We invite proposals for scholarly and creative works and readings for a Midwest graduate student conference titled “21st Century Englishes” to be held Saturday, October 4th, 2014, hosted by graduate students of the Department of English at Bowling Green State University.
As the concept of “Englishes” evolves into the 21st century, issues of access evolve as well. Indeed, we must continually consider neurological, gender, race, language, technological skill, and socio-economic diversities, among many others, and the effects such diversities have on teacher, student, and citizen access to educational, professional and social opportunities. Thus, it is vital that grad students craft their understanding of “Englishes” and the resulting issues of access, in order to create spaces where such opportunities are abundant for themselves and others.
Toward this aim, we welcome proposals that address how Englishes might manifest in theory, practice, and praxis; and how considerations and definitions of Englishes impact various forms of access. We are especially interested in explorations that defy or reconceptualize more traditional approaches to scholarship and teaching and how changing landscapes affect disciplines such as literary studies, rhetoric and composition/writing, creative writing, TESOL, technical writing, and linguistics. We also encourage submissions that explore the conference themes through creative representations and readings, as well submissions that instruct others on the affordances of specific technologies in the Englishes.
The conference’s keynote speaker will be Dr. Melanie Yergeau, Assistant Professor of English at the University of Michigan, who specializes in digital media studies and disability studies, and is working on a book project about autism and embodied authorship (Kuiama.net).
~There is no fee to attend or present at this conference~
*Please email proposals and questions to firstname.lastname@example.org. Proposal deadline is July 14, 2014. We will be sending out acceptance notices in mid-August.
Panel Proposals: Please include a cover page with panel title, individual presentation titles, each presenter’s full name, the name of a moderator (if available), university affiliation, email address, phone number, and technology requests; the second page should introduce the panel with a 250-word description, followed by a 150-word abstract for each presentation (3 to 4 people). Please do not include any identifying information on the second page. Panel presentations should plan for 80 minutes total, including Q & A time.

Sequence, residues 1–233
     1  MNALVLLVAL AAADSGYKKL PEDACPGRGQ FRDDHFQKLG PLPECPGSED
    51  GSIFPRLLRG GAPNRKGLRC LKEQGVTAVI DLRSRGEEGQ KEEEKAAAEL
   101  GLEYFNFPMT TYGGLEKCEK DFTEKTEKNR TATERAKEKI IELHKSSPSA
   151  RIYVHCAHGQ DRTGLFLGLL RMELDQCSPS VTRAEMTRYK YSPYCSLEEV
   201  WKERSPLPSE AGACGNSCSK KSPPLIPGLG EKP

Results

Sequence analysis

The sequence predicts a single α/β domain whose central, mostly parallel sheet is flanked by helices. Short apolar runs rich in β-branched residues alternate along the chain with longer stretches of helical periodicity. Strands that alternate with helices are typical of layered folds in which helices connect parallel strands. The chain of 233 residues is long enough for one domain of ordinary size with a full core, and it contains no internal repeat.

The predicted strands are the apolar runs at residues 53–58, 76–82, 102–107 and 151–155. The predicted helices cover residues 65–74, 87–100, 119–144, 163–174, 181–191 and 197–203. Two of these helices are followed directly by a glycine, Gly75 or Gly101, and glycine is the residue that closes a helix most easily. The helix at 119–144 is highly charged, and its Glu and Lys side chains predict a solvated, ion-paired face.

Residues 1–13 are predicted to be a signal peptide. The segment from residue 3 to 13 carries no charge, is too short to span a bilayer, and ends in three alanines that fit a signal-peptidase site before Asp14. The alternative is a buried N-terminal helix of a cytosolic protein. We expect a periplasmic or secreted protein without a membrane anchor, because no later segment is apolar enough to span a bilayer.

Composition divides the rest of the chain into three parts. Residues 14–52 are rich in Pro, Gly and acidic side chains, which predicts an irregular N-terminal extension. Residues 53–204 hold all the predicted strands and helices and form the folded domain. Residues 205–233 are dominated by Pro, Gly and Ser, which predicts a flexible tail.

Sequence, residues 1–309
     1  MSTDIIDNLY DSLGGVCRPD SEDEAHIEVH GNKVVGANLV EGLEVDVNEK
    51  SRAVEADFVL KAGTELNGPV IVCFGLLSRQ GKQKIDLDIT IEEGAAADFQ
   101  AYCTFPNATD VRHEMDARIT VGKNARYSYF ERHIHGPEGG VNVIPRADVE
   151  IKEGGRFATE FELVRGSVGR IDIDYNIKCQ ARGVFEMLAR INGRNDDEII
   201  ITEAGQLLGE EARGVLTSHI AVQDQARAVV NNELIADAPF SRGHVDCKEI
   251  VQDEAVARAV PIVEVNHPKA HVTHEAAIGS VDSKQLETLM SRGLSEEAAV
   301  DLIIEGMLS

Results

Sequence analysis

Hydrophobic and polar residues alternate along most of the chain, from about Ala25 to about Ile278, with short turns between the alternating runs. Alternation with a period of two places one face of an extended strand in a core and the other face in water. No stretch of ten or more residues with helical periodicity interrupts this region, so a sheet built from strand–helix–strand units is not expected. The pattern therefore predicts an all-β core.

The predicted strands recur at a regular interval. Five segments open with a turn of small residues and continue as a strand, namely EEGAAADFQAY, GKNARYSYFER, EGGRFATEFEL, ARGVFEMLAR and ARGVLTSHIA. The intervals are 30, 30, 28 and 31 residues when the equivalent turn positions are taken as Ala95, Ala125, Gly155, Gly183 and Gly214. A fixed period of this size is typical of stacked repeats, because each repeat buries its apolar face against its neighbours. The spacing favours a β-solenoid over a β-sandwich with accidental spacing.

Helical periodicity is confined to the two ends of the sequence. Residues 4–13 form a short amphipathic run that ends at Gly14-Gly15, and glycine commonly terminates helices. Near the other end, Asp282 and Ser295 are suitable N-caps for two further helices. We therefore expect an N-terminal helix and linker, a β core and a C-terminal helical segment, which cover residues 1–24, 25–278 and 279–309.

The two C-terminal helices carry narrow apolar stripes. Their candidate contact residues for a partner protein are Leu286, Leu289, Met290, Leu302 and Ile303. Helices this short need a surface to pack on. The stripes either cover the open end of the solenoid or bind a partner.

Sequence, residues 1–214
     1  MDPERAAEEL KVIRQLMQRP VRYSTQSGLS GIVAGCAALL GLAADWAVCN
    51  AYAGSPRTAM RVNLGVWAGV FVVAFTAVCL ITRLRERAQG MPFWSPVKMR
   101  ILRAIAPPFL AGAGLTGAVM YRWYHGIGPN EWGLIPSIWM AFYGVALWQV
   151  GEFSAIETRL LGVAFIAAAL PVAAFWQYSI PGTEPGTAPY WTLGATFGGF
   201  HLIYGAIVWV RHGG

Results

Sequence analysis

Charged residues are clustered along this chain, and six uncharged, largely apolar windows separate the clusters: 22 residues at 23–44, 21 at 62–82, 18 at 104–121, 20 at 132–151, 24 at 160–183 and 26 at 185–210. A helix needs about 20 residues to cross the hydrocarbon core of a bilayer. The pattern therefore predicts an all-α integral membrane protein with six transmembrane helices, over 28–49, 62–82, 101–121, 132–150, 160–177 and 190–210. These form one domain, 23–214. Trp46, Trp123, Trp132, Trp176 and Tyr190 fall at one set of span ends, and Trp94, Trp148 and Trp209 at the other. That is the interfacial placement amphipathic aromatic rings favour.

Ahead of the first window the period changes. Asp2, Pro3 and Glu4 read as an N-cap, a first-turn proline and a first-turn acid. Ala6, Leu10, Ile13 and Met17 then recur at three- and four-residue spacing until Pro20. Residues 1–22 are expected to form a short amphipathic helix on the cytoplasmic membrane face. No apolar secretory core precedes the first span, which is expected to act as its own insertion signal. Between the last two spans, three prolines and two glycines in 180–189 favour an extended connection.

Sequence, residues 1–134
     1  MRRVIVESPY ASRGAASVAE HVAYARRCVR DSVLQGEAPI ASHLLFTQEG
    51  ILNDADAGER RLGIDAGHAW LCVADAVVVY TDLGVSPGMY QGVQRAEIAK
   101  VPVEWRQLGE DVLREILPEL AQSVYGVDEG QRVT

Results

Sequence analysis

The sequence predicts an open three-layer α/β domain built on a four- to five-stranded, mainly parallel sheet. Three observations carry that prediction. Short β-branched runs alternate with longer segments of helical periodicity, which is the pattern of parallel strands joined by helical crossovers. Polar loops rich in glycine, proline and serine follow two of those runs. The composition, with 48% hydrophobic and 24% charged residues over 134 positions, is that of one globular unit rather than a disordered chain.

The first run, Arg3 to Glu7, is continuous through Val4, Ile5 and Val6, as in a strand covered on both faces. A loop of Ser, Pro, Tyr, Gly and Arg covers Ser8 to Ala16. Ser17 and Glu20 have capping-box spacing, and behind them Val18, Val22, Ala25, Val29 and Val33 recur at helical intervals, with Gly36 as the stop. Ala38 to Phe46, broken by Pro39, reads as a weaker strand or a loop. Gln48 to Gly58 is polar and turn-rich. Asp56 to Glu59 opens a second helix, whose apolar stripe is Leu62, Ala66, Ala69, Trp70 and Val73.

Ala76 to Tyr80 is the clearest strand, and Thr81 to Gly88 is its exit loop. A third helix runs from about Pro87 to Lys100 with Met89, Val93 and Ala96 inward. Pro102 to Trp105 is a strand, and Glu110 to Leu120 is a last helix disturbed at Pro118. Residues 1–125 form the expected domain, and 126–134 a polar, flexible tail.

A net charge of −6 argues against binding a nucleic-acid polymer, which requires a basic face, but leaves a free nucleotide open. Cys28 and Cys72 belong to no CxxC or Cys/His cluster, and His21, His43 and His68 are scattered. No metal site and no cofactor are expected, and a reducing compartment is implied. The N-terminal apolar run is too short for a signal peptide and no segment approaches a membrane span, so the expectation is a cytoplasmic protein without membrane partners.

Individual Proposals: Please include a cover page with the presentation title, your full name, university affiliation, email address, phone number, and technology requests; the second page should contain a 150-word abstract. Please do not include any identifying information on the second page. Individual presentations should plan on 15-20 minutes each, depending on how many people are on the panel.
Special Interest Group Proposals (SIGs): These more loosely-structured sessions can include 3–6 presenters/participants. Sessions can take any form, such as a roundtable discussion, a collection of creative readings with similar themes/topics, a workshop, a Q & A session, an interactive presentation, or networking and brainstorming for a future project. Please include a cover page containing your SIG title, each participant/presenter’s full name, the name of a moderator (if applicable), presentation titles, university affiliation, email address, phone number, and technology requests; the second page should include a 500-word summation of what you hope the SIG will accomplish. Each SIG session should plan for 80 minutes.
We encourage presenters to take advantage of multimodal delivery. Presentations might take the form of a Prezi, installation or poster, short film, podcast, web design, creative performance, combination of these, or other possibilities, including traditional presentations.
Bowling Green State University
Bowling Green, OH
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